Upon its release, the REmake was a technical marvel, and to this day it’s a feast for the eyes. Each corner of the mansion looks phenomenal, and enemies are genuinely grotesque. Utilizing the GameCube’s hardware, Capcom was able to add fantastic lighting effects, which drastically bolstered the game’s ominous tone, and improved upon the already phenomenal atmosphere. Other minor additions, like enhanced shadows, environmental effects, and improved audio all successfully deepen player immersion while significantly upping the tension. None of the additions or changes harm the creators’ original vision, but instead, serve to enhance it.
The technological leap from the original to the remake is especially astounding when you consider that the REmake came out a mere 6 years after the PS1 version. Since 2002, the REmake has been re-released several times, including in 2015 for 8th generation consoles. Lauded by both critics and fans alike, the REmake is seen by many as the definitive version of Resident Evil. (Matt De Azevedo)
4 – Resident Evil 7
When Resident Evil debuted in 1996, it helped popularize the survival horror genre and ushered in a golden age of survival horror video games known for their slow-pace, heavy exploration, and brooding atmosphere. A decade later, Resident Evil 4 shifted directions with a third-person shooter approach, fewer puzzles and a greater emphasis on gunplay and weapons upgrading. Both the original Resident Evil and Resident Evil 4 have arguably been the two biggest highlights of the series, and no other game in the franchise came close to the greatness of those two titles until RE7 was released in 2017.
The seventh entry in the series, Resident Evil 7: Biohazard swerves in its own new direction by taking the best parts of the series (a measured pace and focus on exploration) and adding a new first-person perspective. Fear is palpable everywhere and just about everything in this game can make a player jump. It immerses you like no Resident Evil before it and all of this is captured with gorgeous (or grotesque) visuals and incredible sound design which rivals the best work ever done in video games.
While the more recent entries in the series placed a focused on action and gunplay at the expense of a methodical, brutal form of horror, Resident Evil 7 does the opposite. Yes, folks, Resident Evil is terrifying again, and a bold and successful reinvention of the franchise. The long-overdue return to survival horror was just what the franchise needed and it ends up making Resident Evil 7 one of the best games in the series. (Ricky D)
3 – Resident Evil 2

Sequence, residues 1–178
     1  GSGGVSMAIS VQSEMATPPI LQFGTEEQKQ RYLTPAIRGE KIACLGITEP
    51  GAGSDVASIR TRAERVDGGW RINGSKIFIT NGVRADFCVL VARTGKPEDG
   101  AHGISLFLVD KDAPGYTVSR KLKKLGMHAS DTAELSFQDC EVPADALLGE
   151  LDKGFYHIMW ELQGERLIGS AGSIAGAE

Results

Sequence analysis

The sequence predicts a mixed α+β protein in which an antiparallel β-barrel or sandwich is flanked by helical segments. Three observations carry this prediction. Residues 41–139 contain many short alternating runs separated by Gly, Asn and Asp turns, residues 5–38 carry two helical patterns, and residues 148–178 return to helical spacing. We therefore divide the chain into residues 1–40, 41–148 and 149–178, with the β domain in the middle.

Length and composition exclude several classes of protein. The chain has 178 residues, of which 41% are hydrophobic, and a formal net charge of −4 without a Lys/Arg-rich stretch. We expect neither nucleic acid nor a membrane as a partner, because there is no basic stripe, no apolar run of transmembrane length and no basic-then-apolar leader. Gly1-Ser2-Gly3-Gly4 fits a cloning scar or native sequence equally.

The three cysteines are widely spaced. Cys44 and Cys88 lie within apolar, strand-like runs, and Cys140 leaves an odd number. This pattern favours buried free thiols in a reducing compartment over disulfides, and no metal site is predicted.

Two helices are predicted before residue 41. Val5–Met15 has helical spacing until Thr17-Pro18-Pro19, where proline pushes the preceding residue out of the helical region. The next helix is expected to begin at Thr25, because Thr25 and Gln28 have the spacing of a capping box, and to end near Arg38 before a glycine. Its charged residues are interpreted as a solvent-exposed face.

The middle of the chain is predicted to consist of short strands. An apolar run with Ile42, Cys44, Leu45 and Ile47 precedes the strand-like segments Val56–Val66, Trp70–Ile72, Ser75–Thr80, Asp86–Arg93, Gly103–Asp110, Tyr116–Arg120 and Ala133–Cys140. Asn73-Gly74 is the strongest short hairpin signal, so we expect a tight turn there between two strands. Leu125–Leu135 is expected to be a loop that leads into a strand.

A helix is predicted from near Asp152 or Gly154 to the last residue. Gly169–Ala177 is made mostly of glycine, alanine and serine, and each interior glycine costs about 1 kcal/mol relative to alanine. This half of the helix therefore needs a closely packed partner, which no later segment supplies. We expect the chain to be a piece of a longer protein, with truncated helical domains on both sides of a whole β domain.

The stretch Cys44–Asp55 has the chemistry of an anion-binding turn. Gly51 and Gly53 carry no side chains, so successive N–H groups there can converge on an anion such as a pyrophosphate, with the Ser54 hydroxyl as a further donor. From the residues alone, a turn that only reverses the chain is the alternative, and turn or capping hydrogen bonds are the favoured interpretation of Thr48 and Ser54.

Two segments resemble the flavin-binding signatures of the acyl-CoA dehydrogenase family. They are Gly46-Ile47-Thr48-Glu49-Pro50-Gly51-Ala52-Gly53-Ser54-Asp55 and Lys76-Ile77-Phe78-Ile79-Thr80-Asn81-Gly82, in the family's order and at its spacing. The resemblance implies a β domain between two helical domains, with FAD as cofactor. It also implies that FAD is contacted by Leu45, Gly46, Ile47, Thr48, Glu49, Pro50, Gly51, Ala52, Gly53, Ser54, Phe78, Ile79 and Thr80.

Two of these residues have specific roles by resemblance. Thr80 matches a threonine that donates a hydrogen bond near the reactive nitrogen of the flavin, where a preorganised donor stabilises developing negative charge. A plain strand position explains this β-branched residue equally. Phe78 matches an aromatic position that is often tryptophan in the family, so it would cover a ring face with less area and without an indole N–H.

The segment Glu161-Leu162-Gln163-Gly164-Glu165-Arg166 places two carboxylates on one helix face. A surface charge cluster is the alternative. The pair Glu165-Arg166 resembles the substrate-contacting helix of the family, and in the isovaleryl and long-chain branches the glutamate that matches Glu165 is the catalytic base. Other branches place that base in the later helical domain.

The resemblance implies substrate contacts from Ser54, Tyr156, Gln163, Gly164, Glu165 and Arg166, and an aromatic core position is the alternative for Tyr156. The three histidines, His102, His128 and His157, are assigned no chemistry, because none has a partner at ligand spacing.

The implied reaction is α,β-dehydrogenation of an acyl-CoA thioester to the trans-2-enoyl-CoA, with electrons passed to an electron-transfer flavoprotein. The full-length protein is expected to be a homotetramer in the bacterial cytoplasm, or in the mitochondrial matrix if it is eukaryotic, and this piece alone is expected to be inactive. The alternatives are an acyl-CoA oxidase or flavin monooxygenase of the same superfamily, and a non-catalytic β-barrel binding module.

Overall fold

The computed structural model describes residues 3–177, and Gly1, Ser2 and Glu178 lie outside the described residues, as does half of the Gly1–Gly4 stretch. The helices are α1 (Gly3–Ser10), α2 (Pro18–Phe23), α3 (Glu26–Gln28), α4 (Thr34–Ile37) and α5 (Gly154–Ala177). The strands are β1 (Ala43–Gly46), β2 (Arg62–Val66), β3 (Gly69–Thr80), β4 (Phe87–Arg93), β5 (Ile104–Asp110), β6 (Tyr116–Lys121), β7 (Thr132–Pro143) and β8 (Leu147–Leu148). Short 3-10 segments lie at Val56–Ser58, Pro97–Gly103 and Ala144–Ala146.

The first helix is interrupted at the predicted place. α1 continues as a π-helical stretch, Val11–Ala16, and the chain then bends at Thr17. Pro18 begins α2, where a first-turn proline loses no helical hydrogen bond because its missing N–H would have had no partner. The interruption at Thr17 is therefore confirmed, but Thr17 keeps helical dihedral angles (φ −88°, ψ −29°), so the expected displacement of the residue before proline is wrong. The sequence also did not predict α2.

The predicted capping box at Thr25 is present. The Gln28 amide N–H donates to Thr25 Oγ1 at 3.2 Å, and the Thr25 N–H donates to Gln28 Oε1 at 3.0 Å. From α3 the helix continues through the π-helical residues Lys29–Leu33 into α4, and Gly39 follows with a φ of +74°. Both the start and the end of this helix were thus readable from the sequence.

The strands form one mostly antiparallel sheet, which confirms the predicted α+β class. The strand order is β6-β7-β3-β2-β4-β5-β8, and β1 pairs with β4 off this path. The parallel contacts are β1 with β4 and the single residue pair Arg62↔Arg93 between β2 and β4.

If we’re talking the older style, survival-horror roots of the Resident Evil franchise, you won’t find a single game in the series that can match Resident Evil 2. RE2 is still considered by some to be the best game to ever bear the Resident Evil name and regularly finds itself in the top 5 survival-horror games of all time. It’s not hard to see why the game made such a big splash as it improves upon the original in nearly every conceivable way imaginable. The main thing worth noting is just how different its campaign is depending on who you select at the beginning. Claire and Leon take radically different routes to the end game, even meeting and interacting with completely different characters from one another, and battling alternate bosses to boot.
The use of the A/B scenario system here is a masterstroke that cannot be overstated, as it makes for four different campaigns to play through, each with its own revelations and plot twists to discover. It also helps that the dark elements are expanded and the mythology takes on a conspiratorial tone which suggests a much more menacing set of antagonists pulling the strings from behind the scenes. Finally, you have more diverse environments, better production values (read: no god-awful live-action scenes) and the introduction of the indestructible stalker trope that remains an essential part of the series to this day. A classic in every sense of the word, if you dig survival-horror, you owe it to yourself to seek out RE2. (Mike Worby)
2- Resident Evil 2 Remake
If the original RE2 was a perfect sequel, the new Resident Evil 2 is a prime example of how to remake a classic while staying faithful to the original. While the word “Remake” doesn’t appear in the title, Resident Evil 2 (2019) is, in fact, a remake of the PS1 original. Capcom built the game from the ground up, changing a few things here and there, and for the most part those changes have improved what was already a great game. Much of the critical acclaim has centered on RE2’s gameplay and thick atmosphere, and much like Resident Evil 7, Capcom has made a game that is visually stunning throughout. Resident Evil 2 has just the right amount of retro appeal, capturing the spirit of the original without being bound by it.
There are no longer any loading screen doors, and Claire and Leon no longer move like tanks thanks to a new claustrophobic, over-the-shoulder, third-person perspective that helps elevate the action and opens up new possibilities for the series’ classic puzzle-solving. Resident Evil 2’s controls are incredibly intuitive, and while the classic static angles may be missed by fans of the original, I’d argue that the new camera system actually heightens the tension. By allowing the player to have more control of what they see, more often than not a player will unintentionally put themselves in danger. For those who enjoy tight, tense, graphic horror, this game offers an ample helping, something that might not have been possible without such a major overhaul.